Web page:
“We recognize that the upturn in closures of rural hospitals and medical facilities, highlighted in recent research at the University of North Carolina, is of great concern to many,” added Ms. Ellison. “The mapping platform shines a critical spotlight on the need for broadband health solutions in rural and digitally-isolated counties where physician shortages are more than double the national average.  It also demonstrates the importance of initiatives to promote broadband infrastructure deployment.”

Along with the data update, the Task Force has released new priority lists of “critical need” counties in broadband and health—the Priority 2017 and Rural Priority 2017.  The Task Force also introduced a new analytical product―the Positive Trend Counties inventory—that compares broadband and health data year on year (e.g., comparing broadband data from December 2014 to December 2015).  This new inventory identifies priority counties that the data shows have made progress on broadband and/or health measures to a greater or lesser extent, no longer meeting the thresholds as “critical need” counties in broadband and health.

Other key findings include:

  • The number of people living in “double burden” counties has increased. Almost half of U.S. counties have high burdens of chronic disease (e.g., diabetes) as well as a need for greater broadband connectivity.       That translates to over 36 million people who live in counties with a “double burden” of need—an increase of 1 million between 2014 and 2015.
  • Over 60% of rural Americans live in “double burden” counties, while less than 5% of urban America falls into the same category. The rural/urban gap holds true even if the benchmarks are set at 80%, 70%, or 60% broadband access.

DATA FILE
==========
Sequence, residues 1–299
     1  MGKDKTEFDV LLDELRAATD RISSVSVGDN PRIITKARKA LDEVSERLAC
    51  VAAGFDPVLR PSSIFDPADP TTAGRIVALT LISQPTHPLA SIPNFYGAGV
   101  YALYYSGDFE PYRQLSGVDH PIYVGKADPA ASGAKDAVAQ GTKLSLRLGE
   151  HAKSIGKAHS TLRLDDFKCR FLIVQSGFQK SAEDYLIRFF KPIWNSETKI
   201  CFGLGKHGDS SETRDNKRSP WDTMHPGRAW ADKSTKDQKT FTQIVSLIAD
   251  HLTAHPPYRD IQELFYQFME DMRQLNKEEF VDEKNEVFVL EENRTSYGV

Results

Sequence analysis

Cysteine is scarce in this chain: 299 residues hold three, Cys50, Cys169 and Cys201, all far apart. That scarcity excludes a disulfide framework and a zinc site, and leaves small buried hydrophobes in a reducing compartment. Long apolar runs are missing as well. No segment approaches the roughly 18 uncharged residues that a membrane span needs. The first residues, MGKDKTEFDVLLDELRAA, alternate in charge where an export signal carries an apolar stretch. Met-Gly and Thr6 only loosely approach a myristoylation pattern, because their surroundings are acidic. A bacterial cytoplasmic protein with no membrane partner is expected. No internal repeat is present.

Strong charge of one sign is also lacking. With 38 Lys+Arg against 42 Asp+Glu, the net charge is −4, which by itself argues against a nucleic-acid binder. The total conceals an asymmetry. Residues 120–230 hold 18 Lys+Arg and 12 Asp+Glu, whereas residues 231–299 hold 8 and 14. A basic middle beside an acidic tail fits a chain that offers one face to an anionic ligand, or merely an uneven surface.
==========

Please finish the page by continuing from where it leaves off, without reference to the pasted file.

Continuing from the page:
• There are 214 counties―175 of which are majority rural – that have broadband access below 50% and diabetes and obesity rates above the national average. These digitally-isolated counties are home to nearly 7 million people.
  • Preventable hospitalizations (i.e., hospital stays that could have been avoided with appropriate care) are 150% higher in the least connected counties compared to other counties.
  • Some counties did experience significant positive trends in broadband access, such as Upshur County, Texas, and Monroe County, Georgia, both reporting broadband access increases of 60% or more.

The fixed broadband data in the mapping update was released in December 2016 covering data submissions as of December 2015.  The health data is drawn from the 2017 release of the Robert Wood Johnson Foundation County Health Rankings & Roadmap. This map data update provided the Task Force with an opportunity to look at broadband and health data between years.